MANILA, Philippines – After its successful Philippine premiere in November last year, Motherland (Bayang Ina Mo), the latest documentary picture from acclaimed filmmaker Ramona S Diaz, is back for another special screening on March 8, Thursday, 7 pm at the Cine Adarna, UP Film Center.
This year’s International Women’s Day offering from Active Vista, Motherland is a searing look into the lives of 3 marginalized women (Lea, Lerma, and Aira) as they navigate the impossibly full and under-resourced Fabella Hospital, perhaps the busiest maternal ward in the planet. It is a public institution bursting at the seams, the place where over 100 babies are delivered everyday.
Known dubiously as the country’s “baby factory,” circumstances are so dire at this public hospital that many of the film’s scenes make one wince. Women sit 3 to a bed while waiting for their turn at the delivery table, silently suffering the pain brought on by birthing contractions. The same arrangement greets them upon delivery as they are forced to share maternal beds with other mothers and their newborn babies.
And yet for all this stark reality, the film, shot in 2014 over 6 and half weeks, is not meant to shock the viewer (although it feels that way sometimes). What it ultimately shows is the resilient spirit and resourcefulness of the women and the overworked hospital staff. It succeeds in showing us how they make the best out of what’s handed to them. How even in the grimmest of conditions, a sense of community, of being able to trust and help each other are are acts of kindness that happen spontaneously.
It is precisely this aspect that caught the eye of filmmaker Diaz who also brought us Imelda and Don’t Stop Believing, among others. In an open forum after the second and last screening, she said, “I make films about people and their stories. So what really drew me to the hospital were the women, the mothers and the communities they formed in the beds. How much humor they had and how much grace [they displayed under] very difficult situations.”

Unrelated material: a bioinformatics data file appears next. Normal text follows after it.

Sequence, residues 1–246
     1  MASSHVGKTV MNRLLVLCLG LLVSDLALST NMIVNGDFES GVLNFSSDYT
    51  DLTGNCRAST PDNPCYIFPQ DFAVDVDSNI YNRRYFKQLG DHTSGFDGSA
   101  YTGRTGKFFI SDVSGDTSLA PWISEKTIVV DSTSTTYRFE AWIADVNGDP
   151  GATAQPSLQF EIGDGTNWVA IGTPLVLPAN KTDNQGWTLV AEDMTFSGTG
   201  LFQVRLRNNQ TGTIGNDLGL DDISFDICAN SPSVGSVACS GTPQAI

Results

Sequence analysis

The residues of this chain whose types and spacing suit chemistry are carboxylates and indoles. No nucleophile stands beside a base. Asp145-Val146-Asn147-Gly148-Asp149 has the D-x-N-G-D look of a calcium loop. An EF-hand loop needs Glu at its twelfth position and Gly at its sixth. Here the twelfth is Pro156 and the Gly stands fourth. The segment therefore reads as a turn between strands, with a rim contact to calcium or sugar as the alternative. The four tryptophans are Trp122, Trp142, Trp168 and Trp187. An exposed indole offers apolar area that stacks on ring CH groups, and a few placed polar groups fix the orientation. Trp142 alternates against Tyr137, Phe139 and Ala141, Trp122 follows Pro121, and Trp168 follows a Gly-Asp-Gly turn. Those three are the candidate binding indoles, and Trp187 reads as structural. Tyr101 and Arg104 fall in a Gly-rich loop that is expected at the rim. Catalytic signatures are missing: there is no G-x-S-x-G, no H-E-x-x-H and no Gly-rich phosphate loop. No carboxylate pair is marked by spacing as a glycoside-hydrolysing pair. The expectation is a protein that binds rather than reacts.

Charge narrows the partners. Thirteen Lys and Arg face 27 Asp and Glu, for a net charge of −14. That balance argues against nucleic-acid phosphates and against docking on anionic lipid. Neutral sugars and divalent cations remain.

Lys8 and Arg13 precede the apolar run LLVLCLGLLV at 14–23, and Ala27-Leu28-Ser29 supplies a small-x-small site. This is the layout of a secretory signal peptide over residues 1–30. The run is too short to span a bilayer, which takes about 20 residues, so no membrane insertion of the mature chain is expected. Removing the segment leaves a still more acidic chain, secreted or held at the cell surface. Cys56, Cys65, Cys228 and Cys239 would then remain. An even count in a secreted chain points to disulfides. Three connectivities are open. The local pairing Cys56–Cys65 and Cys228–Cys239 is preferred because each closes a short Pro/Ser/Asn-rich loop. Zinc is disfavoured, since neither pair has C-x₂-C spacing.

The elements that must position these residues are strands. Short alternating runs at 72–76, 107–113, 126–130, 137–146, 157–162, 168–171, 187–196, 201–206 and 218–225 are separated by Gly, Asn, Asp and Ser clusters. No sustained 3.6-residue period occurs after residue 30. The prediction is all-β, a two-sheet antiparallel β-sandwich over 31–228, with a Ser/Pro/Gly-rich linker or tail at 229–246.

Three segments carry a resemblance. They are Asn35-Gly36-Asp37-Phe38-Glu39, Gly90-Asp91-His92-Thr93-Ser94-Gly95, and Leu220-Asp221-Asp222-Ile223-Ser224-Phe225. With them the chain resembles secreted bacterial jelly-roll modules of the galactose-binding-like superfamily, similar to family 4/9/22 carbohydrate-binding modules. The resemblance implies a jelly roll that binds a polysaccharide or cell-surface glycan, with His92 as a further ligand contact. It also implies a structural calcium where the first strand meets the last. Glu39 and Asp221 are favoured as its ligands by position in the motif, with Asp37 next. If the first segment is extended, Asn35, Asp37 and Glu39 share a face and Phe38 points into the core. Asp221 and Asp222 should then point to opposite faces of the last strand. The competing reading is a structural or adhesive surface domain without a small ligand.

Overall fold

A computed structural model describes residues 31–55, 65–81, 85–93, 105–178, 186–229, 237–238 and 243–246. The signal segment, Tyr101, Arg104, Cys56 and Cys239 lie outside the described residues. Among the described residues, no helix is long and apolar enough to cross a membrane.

Motherland has been reaping awards ever since it premiered last year at the Sundance Festival where it won the Special Jury Award for Commanding Vision. It was also conferred the Viktor Award at the Munich International Documentary Festival. To date, it has been shown in over 100 film festivals all over the world.
The film is a convincing reminder of the very real need to have a working reproductive health law in the country. Motherland had its Philippine premiere a few days after the Food and Drug Administration ruled that 51 contraceptives, in limbo for some two years by a temporary restraining order, would be re-certified safe and as non-abortifacients.
The decades-long battle to have an honest-to-goodness RH law has been bruising and oftentimes frustrating. And even though it became one in 2012, we have yet to feel its full impact as it has been derailed by numerous obstacles thrown in by anti-RH forces. There is a glimmer of hope in Secretary Francisco Duque’s pronouncement that he would make sure of its full implementation during his term as the new Secretary of Health. But that remains to be seen.
Films like Motherland are an important contribution to keeping the conversation about reproductive health alive and relevant. We cannot look away while public hospitals like Fabella remain a reality. It’s a conversation that we need to keep having for the sake of our women and the children they bring forth.
Diaz is the first to say that she chooses her films not for the issues they tackle but for the stories in them: “I usually don’t have a message in my films. Whatever message you get is the message of the film. I am not prescriptive about messages,” she said. She is nonetheless happy to note that plans are being discussed on how to make her film accessible to a broader audience, which will help further the advocacy.
Just recently, Active Vista announced that it has secured a yearlong partnership with the film’s international distributor, Dogwoof. Active Vista intends to screen Motherland in schools and communities as part of its mission of using films “to stir critical thinking among its audiences as a step towards their education as citizens.”
For more information, email firstname.lastname@example.org. – Rappler.com